Once the customer has completed the checkout you can either check the dashboard for successful payments and fulfill the order. Or you can use a webhook endpoint to listen for important events that happen on your account like successful payments and then react automatically, which we highly recommend. We’ll cover using webhook endpoints for fulfillment in the third and final blog post. But if you’re curious you can skip ahead to the 3rd episode of building an eCommerce store with Sia Karamalegos here.

Payment Links

An even simpler way for you to get up and running with payments, literally in minutes, is to provide your customers with Payment Links. Payment Links enable you to create a payment page to sell a product or subscription, and share a link to it with your customers. You can share the link as many times as you want on social media, in emails, or any other channel. Payment Links can be created via the dashboard, so if you'd like to get started with a no-code solution Payment Links allow you to do that by creating them there and manually distributing them.

Creating Payment Links in the dashboard

Creating Payment Links in the dashboard is as simple as navigating to the Product overview page and clicking on the “Create Payment Link” button which is next to a Price listed on that page.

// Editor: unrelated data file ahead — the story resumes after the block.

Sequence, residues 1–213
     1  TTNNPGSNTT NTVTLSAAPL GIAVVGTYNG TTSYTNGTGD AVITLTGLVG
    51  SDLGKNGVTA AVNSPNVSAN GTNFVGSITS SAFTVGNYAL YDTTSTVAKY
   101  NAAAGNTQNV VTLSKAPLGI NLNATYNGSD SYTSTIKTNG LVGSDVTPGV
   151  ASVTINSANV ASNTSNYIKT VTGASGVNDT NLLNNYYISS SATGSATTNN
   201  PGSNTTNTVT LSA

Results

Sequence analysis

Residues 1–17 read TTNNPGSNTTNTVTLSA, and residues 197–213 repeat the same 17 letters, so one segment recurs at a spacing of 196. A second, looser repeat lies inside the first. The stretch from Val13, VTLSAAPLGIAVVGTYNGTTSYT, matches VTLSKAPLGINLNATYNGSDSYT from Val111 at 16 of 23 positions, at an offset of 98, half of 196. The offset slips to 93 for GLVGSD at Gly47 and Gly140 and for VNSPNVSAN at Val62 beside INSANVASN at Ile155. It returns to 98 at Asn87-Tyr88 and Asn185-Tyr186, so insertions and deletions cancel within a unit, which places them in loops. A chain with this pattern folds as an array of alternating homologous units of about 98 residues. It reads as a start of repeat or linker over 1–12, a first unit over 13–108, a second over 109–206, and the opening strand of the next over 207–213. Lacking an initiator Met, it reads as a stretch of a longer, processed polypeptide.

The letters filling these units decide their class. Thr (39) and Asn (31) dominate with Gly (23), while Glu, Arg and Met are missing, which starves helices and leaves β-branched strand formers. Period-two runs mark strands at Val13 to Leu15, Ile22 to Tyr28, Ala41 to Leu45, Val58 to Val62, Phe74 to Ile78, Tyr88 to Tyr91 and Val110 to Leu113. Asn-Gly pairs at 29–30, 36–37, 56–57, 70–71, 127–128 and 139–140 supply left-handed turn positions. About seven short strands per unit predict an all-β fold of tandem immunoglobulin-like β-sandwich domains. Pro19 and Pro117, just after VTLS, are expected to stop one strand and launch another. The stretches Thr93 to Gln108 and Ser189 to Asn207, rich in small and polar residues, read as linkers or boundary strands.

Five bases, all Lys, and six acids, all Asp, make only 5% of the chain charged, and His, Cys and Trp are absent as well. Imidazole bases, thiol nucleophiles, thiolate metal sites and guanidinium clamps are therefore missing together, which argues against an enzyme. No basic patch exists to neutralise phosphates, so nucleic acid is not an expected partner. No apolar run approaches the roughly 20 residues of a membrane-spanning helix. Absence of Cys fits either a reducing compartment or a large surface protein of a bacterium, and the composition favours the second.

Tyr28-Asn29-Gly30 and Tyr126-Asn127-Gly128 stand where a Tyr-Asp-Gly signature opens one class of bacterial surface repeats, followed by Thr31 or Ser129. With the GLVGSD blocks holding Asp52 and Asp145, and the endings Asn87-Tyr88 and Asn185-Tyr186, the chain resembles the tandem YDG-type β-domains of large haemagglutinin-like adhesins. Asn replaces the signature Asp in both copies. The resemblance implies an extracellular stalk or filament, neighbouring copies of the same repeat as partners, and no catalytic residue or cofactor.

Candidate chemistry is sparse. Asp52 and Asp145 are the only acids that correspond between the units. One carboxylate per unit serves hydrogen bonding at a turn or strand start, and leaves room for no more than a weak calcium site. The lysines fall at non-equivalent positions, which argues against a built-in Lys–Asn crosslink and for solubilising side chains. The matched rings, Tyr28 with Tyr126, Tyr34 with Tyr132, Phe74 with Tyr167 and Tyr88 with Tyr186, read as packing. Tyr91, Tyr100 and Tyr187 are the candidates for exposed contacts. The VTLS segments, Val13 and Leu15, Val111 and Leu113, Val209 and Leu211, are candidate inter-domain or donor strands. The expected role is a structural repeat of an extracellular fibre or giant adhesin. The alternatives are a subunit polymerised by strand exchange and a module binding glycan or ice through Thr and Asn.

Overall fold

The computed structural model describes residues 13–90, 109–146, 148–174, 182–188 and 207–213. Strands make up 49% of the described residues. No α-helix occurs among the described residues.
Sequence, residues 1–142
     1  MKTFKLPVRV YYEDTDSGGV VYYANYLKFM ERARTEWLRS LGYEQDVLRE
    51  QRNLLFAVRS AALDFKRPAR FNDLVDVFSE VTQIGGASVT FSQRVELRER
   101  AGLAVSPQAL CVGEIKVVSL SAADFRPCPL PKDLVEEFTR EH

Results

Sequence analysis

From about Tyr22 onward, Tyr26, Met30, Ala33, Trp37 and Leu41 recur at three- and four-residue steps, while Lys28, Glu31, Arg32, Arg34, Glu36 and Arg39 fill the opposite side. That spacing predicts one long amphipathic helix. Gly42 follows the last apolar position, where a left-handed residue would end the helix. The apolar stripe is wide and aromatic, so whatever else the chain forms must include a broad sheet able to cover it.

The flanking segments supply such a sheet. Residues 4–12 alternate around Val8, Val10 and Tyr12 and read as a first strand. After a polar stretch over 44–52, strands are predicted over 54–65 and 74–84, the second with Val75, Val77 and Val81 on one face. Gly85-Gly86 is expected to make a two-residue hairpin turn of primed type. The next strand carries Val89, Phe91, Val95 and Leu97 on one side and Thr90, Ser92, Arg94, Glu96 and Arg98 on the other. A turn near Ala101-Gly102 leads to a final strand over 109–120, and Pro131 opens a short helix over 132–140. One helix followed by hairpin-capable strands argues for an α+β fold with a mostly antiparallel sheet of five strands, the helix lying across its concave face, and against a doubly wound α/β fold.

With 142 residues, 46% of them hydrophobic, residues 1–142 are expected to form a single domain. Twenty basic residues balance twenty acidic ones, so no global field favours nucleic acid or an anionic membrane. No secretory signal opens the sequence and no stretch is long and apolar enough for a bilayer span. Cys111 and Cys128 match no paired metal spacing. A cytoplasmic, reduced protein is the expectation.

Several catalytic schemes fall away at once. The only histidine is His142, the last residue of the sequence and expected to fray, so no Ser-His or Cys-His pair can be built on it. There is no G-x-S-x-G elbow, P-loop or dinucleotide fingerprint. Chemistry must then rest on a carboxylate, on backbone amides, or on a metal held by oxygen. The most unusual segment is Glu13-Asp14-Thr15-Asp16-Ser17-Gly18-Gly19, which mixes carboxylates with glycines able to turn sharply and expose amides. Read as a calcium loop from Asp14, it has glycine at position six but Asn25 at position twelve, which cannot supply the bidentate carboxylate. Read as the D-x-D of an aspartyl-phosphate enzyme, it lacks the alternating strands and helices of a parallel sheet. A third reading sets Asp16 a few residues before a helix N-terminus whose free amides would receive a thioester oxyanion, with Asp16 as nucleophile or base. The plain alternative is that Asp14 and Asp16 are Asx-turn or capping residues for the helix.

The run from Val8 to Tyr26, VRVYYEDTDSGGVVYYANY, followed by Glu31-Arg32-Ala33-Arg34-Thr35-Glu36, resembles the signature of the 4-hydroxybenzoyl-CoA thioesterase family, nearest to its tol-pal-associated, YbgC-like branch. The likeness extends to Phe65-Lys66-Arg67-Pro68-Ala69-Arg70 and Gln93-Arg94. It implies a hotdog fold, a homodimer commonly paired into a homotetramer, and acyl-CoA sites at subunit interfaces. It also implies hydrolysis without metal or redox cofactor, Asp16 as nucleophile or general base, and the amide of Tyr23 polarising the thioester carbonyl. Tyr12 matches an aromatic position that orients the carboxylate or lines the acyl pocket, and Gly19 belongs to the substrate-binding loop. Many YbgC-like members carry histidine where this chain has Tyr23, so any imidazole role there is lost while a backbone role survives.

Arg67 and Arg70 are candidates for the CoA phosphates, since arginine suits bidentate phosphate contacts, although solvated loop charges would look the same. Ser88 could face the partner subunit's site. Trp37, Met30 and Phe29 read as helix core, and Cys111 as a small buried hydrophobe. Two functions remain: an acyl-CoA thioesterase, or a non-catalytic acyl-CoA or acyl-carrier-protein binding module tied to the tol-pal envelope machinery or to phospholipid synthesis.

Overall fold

Product page

Create a Payment Link

Using the Payment Link UI you can also do things like:

  • allow your customers to adjust the quantity of the product they’re purchasing
  • allow promotion code usage for discounts
  • collect customer addresses and phone numbers
  • customize the confirmation and redirection pages for after a successful purchase

You can even preview what your Payment Link page will look like on mobile or desktop by toggling the preview.

Payment Link mobile preview

Once you’ve created a Payment Link via the dashboard, you can copy it, embed it on your webpage or distribute it as described.

Copy a Payment Link

Creating Payment Links via the API

Creating Payment Links is also possible using the Stripe API. This allows you to automate the management of your Payment Links without having to navigate to the dashboard. Here is a simple example in Ruby which creates a Payment Link for my coffee Product / Price, enabling many features:

  line_items: [
      price: 'price_1KgAJtAGCzoAn7ffL22Tx06g',
      quantity: 1,
  allow_promotion_codes: true,
  billing_address_collection: 'required',
  phone_number_collection: {
    enabled: true,
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Using the low-code and no-code payments solutions like Checkout and Payment Links, you can be up and running selling your products in no time. Both solutions offer many benefits like security, conversion optimization, SCA compliance, digital wallets and much more. If you would like support using Stripe Checkout or Payment Links, please don’t hesitate to reach out to our developers at @StripeDev on twitter or join in the conversion on our Discord server.

About the author

Matthew Ling

Matthew Ling (@mattling_dev) is a Developer Advocate at Stripe. Matt loves to tinker with new technology, adores Ruby and coffee and also moonlighted as a pro music photographer. His photo site is at and developer site is at